One sees many misleading advertisements both in the print and electronic media. The marketing department is often under pressure to increase sales so they come up with gimmicks and distorted facts to push up sales. Often pharmaceutical companies advertise the intake of vitamins to make a child smarter, or to increase his appetite, or to make him put on weight and height and be healthy.
There are many vitamin facts for kids which are mostly unknown by the parents. Extra doses of vitamins will not turn a child into a genius. Intelligence depends upon many factors like genetics, nutrition and above all a stimulating environment. When a child is given nutritious food it will contain many vitamins, minerals and proteins which are needed for brain cells. So taking extra vitamins has no direct bearing on intelligence and there is no “intelligence vitamin”. These are not required in large quantities. If the requirement of these essential nutrients is not met through food, then extra vitamins may be needed.
Another thing that is much stressed upon is that thin children are so because they have a deficiency of vitamins. This is far from the truth. A child can have a particular constitution and body structure due to genes. If the child is thin, it does not mean that he is not healthy. He has to be tested on the parameters of height and weight being commensurate with age. The height and weight of the parents can serve as a guideline because the genes he gets from them will determine or influence many things.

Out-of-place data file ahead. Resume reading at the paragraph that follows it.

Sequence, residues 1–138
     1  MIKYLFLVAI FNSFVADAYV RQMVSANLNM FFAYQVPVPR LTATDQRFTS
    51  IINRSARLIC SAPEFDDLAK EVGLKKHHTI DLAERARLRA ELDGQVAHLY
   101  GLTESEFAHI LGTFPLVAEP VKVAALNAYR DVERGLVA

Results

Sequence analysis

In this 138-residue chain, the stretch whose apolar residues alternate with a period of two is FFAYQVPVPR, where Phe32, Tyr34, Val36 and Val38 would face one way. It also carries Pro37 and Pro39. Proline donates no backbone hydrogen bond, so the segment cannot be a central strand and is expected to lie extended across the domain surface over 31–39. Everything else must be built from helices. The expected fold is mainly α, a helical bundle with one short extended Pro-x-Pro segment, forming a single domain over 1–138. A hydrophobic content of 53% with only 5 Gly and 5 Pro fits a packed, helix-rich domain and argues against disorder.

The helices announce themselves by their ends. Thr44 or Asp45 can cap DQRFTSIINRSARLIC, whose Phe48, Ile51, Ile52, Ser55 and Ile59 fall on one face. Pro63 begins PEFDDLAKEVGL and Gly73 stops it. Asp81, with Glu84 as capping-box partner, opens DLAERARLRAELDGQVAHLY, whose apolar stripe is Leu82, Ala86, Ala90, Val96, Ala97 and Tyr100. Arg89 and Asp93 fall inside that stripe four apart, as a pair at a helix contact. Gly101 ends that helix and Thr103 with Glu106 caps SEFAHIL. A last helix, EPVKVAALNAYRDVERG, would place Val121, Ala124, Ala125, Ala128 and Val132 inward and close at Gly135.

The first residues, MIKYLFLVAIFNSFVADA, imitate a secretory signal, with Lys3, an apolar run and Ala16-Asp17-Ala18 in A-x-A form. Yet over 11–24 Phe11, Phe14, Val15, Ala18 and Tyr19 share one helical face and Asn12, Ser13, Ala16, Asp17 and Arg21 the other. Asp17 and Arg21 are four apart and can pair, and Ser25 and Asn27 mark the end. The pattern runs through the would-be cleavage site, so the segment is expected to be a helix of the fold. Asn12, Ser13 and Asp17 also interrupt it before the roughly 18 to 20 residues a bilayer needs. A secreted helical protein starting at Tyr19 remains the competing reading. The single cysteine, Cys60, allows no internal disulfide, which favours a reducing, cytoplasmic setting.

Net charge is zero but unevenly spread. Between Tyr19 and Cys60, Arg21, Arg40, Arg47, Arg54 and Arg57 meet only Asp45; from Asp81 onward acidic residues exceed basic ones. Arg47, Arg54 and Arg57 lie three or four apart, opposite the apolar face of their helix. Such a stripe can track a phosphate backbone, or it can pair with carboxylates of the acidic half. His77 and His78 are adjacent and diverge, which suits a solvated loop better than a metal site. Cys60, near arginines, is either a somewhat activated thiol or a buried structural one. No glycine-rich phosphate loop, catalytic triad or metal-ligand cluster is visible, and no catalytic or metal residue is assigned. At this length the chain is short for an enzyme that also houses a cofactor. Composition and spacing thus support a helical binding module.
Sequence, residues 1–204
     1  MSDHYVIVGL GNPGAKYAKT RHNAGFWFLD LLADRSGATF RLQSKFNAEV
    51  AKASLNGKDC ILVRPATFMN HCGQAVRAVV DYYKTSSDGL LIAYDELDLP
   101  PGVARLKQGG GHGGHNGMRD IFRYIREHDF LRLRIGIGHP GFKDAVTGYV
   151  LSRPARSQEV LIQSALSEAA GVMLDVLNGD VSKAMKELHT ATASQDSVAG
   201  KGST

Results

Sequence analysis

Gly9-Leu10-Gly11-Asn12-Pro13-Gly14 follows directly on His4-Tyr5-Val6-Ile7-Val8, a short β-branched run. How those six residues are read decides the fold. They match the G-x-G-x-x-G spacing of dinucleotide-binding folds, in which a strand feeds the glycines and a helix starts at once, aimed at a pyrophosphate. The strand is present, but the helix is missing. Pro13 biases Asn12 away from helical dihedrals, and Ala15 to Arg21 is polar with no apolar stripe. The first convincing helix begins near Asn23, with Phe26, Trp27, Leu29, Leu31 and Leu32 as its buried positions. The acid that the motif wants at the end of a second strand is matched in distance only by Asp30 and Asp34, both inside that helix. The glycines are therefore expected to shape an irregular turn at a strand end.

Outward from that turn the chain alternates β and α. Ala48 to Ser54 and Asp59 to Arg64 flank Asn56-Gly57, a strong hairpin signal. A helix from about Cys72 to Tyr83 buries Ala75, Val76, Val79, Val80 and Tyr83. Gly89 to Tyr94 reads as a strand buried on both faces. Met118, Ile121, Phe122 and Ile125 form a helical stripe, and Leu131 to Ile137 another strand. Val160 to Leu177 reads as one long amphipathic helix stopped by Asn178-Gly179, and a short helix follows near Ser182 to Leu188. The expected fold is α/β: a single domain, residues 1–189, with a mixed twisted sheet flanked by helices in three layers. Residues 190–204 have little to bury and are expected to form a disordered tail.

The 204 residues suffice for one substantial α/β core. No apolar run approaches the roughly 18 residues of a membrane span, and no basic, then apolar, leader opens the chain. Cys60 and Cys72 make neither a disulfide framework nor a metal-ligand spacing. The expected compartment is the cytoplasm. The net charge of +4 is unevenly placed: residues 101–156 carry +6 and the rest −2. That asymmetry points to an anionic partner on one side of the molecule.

Conversely, a fat child cannot be guaranteed to be healthy. Since he has a large body he requires more nutrition and may often be lacking in vitamins and be anaemic. When children are born, they get iron and vitamin stores from the mother. As the child grows fairly quickly, he will require extra folic acid, iron and Vitamin C. if the child is active and developing well, then these are probably the only extra things he requires.
Some children are poor eaters naturally and giving them extra vitamins will not increase their appetite. If a child who has a normal appetite suddenly starts to refuse food, then a doctor must be consulted to find out if he is suffering from any disease. Many common ailments like sore throat, teething, flu, and stomach problems cause a loss of appetite. These must be treated and not extra doses of vitamins forced on the child.
In fact, excessive intake of some vitamins causes a loss of appetite. Vitamin C is sour and excessive doses can cause a sour stomach. Even for adults, only prescribed doses of vitamins should be taken. Higher doses will not increase energy or ward off sickness.